Book Reviews, readalong, Wyrd And Wonder

The Darkest Part of the Forest Read-Along: Week One

Both of this year’s Wyrd & Wonder read-along titles are by authors I have not read before! I have considered picking up Holly Black’s Folk of the Air series before, but it’s never been a priority and it seemed the kind of thing that might be overhyped… however, a stand-alone like The Darkest Part of the Forest is the perfect introduction to her writing style! This is week one of the readalong, looking at chapters 1-5, and the post will contain spoilers! So, here we go…

All is fair in Fairfold… or is it? What are your thoughts on the way of life in this particular bubble? What do you make of the folk of Fairfold, both Fair and mundane?

It’s certainly an interesting setting and I’ve been wondering whether it counts as urban fantasy or not… but what I’ve really enjoyed in the first few chapters is the way the story first paints this town so tied up with the Folk as idyllic and magical, and by chapter 5 it has peeled back a few layers to show how it’s not quite the blessing one might think. I think this is mirrored quite well by Hazel, who seems to both romanticise and hate the Folk. It’s interesting how casual the mundane people of Fairford treat the Folk to casually, and I wonder how wise that is, and the way all the world seems to know about this phenomenon but nothing other than tourism has come out of it. Where are the others who think they can hunt the Folk? Where are the ambitious people hoping to capture a supernatural creature to exhibit or dissect? I suppose it’s a YA romance and I may be asking too much of it…

As for the Folk, I want to see more! I would 100% be someone that romanticises living near the fey (as a kid I fully believed in fairies because my mom would hide little treats in the woods for me to discover and said they were gifts from them) and I hope as the story progresses we get an insight into their world. I like how they have their own unspoken rules and I am most intrigued by the horned boy now that he’s left his eternal slumber.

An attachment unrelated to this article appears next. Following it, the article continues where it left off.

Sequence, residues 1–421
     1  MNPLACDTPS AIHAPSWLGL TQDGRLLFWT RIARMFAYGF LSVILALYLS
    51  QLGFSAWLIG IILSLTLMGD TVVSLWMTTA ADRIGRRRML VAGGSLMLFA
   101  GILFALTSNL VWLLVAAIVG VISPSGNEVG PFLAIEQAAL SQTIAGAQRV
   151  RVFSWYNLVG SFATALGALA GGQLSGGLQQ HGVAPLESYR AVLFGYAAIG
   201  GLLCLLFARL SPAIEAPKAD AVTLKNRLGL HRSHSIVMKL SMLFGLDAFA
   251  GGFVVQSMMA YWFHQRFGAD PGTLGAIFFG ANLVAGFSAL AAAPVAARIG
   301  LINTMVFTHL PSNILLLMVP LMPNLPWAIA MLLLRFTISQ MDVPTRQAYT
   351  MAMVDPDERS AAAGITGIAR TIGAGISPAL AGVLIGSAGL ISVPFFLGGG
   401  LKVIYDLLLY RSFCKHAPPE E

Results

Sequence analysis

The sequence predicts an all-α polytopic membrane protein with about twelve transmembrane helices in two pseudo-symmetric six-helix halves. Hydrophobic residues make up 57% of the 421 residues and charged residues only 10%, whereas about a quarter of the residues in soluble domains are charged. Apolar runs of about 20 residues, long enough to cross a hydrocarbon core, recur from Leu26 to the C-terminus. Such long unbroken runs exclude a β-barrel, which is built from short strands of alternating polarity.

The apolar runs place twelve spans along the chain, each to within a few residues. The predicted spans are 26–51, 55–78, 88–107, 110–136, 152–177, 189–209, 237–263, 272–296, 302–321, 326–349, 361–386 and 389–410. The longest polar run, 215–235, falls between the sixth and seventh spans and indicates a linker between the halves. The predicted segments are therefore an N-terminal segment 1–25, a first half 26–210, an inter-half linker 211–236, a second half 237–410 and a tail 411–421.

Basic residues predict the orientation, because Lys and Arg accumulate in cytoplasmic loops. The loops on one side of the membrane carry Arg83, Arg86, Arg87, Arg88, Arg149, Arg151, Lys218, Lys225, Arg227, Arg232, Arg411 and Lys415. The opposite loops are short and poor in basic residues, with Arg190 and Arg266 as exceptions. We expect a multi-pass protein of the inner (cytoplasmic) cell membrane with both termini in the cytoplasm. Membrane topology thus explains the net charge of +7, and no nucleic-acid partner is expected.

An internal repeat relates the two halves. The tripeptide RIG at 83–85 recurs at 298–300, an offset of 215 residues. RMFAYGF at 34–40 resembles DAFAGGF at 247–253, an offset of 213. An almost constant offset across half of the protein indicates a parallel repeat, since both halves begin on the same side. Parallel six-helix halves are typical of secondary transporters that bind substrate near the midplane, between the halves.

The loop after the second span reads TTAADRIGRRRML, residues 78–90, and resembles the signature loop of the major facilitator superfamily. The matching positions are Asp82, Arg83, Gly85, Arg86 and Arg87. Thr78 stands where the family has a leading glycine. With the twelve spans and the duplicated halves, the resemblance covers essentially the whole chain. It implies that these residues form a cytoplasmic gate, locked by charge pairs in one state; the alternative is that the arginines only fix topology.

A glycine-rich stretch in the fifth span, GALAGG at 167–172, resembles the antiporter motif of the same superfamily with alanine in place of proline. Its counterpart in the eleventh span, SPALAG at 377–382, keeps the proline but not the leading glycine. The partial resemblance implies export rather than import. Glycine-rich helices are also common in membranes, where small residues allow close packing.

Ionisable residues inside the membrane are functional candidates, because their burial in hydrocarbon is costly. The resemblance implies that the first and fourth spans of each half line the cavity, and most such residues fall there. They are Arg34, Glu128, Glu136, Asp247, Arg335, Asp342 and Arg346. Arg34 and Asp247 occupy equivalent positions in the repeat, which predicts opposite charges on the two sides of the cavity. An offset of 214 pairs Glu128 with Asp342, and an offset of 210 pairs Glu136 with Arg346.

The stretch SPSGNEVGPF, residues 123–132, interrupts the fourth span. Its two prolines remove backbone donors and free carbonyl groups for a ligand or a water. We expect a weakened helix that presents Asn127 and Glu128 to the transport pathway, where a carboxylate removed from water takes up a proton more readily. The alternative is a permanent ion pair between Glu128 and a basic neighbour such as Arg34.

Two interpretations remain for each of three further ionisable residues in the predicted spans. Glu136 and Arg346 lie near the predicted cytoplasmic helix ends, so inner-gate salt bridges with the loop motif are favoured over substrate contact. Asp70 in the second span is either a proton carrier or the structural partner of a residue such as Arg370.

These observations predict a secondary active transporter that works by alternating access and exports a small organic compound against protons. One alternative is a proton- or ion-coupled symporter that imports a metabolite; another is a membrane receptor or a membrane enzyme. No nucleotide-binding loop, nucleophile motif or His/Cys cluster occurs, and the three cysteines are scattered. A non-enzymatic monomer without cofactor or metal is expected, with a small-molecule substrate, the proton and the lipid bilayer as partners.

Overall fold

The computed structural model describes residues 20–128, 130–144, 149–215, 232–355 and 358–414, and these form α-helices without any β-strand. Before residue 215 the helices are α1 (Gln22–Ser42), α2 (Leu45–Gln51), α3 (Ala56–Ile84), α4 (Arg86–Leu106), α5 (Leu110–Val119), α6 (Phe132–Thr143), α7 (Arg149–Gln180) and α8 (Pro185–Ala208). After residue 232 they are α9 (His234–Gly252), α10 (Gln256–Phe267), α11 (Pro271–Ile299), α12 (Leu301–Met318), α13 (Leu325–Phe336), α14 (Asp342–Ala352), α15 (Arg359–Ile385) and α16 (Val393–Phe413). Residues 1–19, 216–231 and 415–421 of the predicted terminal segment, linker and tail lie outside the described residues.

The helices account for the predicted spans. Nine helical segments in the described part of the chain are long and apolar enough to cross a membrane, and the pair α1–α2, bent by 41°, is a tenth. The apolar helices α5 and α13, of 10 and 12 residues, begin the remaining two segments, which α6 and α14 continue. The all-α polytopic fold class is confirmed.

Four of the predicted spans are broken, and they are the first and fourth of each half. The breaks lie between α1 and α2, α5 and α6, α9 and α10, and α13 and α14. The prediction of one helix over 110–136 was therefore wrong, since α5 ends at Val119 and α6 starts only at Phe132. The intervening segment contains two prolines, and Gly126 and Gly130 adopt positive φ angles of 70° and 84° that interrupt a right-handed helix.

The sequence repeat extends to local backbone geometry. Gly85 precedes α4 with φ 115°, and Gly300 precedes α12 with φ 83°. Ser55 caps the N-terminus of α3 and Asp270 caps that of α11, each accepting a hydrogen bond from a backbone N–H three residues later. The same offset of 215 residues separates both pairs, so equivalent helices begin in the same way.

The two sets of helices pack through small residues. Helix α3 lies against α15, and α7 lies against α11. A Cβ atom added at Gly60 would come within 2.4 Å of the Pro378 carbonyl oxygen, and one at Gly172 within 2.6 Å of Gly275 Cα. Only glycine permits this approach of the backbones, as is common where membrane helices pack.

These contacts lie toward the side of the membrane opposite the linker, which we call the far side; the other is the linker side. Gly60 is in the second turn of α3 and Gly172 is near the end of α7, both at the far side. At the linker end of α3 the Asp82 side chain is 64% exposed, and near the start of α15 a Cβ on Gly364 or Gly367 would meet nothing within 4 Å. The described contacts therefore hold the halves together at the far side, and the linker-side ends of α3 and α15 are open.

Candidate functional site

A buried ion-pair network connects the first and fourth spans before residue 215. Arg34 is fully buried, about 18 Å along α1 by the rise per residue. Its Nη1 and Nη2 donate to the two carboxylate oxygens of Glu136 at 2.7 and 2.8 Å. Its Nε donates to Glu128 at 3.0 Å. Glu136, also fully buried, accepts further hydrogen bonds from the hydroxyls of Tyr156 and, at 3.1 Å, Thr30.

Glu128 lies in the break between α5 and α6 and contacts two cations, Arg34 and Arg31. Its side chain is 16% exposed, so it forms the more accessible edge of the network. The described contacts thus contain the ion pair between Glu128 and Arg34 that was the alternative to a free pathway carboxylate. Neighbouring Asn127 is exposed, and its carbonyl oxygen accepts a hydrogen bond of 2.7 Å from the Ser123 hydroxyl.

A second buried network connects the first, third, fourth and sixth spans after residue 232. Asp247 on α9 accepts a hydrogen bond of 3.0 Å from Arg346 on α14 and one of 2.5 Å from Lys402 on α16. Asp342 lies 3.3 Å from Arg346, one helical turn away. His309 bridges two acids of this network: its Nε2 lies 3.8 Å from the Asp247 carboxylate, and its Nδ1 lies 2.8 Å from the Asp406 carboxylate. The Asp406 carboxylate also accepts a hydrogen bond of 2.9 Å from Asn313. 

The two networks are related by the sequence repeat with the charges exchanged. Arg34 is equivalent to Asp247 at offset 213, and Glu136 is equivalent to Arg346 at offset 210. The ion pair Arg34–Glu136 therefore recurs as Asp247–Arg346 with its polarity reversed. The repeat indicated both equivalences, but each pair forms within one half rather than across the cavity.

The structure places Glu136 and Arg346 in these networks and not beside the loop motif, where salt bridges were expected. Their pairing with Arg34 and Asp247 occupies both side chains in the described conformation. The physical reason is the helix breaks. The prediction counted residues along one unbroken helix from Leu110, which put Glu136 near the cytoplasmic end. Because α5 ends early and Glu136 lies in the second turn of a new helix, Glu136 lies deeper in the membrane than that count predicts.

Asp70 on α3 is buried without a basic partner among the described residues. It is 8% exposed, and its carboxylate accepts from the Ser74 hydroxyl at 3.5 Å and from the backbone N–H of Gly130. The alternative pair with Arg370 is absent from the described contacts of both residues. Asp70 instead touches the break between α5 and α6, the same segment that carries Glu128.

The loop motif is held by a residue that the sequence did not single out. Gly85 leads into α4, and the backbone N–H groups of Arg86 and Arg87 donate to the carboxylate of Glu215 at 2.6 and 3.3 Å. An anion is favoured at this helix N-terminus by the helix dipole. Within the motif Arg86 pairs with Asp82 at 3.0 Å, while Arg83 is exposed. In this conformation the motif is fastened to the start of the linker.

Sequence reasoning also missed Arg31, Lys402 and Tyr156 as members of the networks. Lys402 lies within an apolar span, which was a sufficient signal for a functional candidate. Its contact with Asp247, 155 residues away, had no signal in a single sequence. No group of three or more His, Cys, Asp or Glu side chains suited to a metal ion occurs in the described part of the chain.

We need to talk about Hazel. How much impending trouble do you think our ‘hero’ is about to get into? Also: how much of that trouble do you think she’s going to be responsible for?

Oh Hazel! I don’t know if I like her quite yet, and that’s partly because I definitely think all her problems are of her own making and I have little sympathy. To be fair, I guess its partly due to her upbringing (more on that in a moment) but I feel like someone who grew up surrounded by the Folk and their stories should know better, even at 11, than going off to make strange and vague deals. And she definitely should have told her brother, because that’s probably one of the big reasons they’re not as close anymore. But then, in terms of how much trouble is upcoming, I’m not quite sure… I guess from her point of view her life as she knows it is ending, but there might be something more intriguing on the other side of that!

Speaking of Hazel, let’s talk about her and Ben’s parents. Are they simply misguided romantics, or do you think they’re Bad Parents?

I think maybe a few years ago I would have been more forgiving towards Hazel and Ben’s parents, because I like the idea of an artsy, quirky couple but as an aspiring mother I have been doing a lot more thinking and research into what makes a good parent. And love and attention are the key things, which our siblings are clearly not getting. I’m sure their parents do love them, but are they showing that?